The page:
I have a love for physical film that’s likely rooted in how my childhood best friend, as well as his father, was a photographer. It was always interesting watching them work but I really got a taste for it when, in high school, both of us were on the yearbook staff and I spent a good amount of time hanging out in the darkroom of the office watching him develop pictures. It’s a lot more than just splashing a piece of film in some chemicals and he showed me the art that informs the science. That all has gone by the wayside as photography has transitioned to digital.
The new Netflix original film Kodachrome uses the sunset of the physical photo age as its setting and premise. Ed Harris plays Ben, a famous photographer who discovers a few rolls of film that have been hidden away. Unsure of what’s on them he and his home health assistant Zoe (Elizabeth Olsen) set out to travel to the last shop in the country that develops Kodachrome film. To help, they enlist the aid of Ben’s estranged son Matt (Jason Sudeikis), still nursing resentment toward his absentee father who he hasn’t spoken to in a decade. With Ben’s health failing, it’s one last chance for the two to connect.
The poster can’t resist a photography pun and so features “Over time, everything develops.” as its tagline. The image, which looks like a slightly beaten up and worn photo of sorts, shows all three leads leaning up against or sitting on the hood of the car they’re taking cross country. It’s simple, but one of the more interesting and effective one-sheets Netflix has created for their movies.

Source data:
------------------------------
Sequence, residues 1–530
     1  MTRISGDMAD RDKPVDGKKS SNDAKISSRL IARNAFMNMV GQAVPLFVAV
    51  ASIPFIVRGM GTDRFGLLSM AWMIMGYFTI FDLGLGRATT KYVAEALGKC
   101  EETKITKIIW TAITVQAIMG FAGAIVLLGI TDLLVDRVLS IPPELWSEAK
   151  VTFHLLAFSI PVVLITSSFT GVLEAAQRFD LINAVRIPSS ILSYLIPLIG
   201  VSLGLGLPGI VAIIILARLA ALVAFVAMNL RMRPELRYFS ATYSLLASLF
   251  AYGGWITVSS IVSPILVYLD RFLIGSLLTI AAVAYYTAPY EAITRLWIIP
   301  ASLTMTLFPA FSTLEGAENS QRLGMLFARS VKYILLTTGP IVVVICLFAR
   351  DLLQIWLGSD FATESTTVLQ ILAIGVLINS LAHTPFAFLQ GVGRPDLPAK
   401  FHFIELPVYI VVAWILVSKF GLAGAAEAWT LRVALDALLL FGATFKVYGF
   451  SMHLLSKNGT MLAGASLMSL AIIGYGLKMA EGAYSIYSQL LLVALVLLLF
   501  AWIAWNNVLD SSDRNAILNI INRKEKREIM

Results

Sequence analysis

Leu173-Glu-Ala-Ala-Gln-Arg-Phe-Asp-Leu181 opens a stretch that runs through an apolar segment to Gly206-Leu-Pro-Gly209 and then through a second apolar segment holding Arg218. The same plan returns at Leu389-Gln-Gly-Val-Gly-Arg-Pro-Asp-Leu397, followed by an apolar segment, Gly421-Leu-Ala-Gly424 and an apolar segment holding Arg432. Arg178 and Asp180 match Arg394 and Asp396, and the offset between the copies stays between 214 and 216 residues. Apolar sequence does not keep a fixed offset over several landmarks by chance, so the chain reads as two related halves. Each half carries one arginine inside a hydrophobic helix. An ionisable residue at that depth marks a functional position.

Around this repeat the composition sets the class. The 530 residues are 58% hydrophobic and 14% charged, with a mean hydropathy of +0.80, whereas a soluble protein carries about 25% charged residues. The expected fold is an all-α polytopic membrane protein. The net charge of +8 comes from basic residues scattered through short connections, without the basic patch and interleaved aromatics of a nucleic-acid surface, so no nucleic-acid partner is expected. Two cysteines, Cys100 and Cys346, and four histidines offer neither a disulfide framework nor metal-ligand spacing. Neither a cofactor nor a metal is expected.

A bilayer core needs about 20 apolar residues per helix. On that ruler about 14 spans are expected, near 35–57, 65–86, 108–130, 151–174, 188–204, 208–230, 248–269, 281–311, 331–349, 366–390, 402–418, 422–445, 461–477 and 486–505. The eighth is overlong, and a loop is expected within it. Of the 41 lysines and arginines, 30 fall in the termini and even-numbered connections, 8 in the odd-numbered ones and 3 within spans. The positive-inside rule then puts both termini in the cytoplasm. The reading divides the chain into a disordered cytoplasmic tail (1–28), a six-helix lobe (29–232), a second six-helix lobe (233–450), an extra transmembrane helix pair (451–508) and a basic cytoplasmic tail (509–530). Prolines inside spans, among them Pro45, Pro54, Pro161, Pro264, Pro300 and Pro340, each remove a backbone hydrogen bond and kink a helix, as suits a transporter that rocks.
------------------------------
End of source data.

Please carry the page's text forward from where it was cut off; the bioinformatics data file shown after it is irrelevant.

“Happiness is bullshit” Ben tells us as the trailer opens. We see him in the back of the car with Matt and Zoe up front. He has a whole philosophy about why artists are miserable, which is just as grumpy as you’d expect. We find out why the three are on this road trip – because Ben is dying and needs a batch of film he’s discovered developed at the last place that handles that work – but Matt isn’t going along freely. The two have a contentious relationship, to say the least, and are sussing out the current state of affairs as they go, reliving shared memories and getting to know each other after a decade of being apart.
It’s not hard to see how the narrative of the story will play out based on what’s shown here. The main draw is Harris as a gruff old bastard who’s too old to change but still alive to regret how things played out. His interactions with Sudeikis are the highlight here, while it’s too bad that Olsen has been put in the “nurse/love interest” role while she’s capable of so much more than that.
Online and Social
Netflix gave the film limited support on its brand social channels but that’s about it.
Advertising and Cross-Promotions
Nothing I’m aware of.
Media and Publicity
Closer to release, Sudeikis and Harris did a few press interviews, the former showing up on “Ellen” and a few other shows to talk about working with physical film, the story and more.
The dynamic between Harris and Sudeikis is really the main value proposition displayed here. Sudeikis brings that same attitude of being a spring constantly on the verge of uncoiling he’s had in other films to add a spark to what otherwise seems like a story we’ve seen before about the burdens of carrying around the scars left by uninterested and absent fathers. Matching that is Harris, who offers his same effortless attitude to the interplay. The interplay between those two makes the underuse of Olsen all the more notable in a campaign that offers a kind of hangdog energy and charm to the audience.
Chris Thilk is a freelance writer and content strategist who lives in the Chicago suburbs.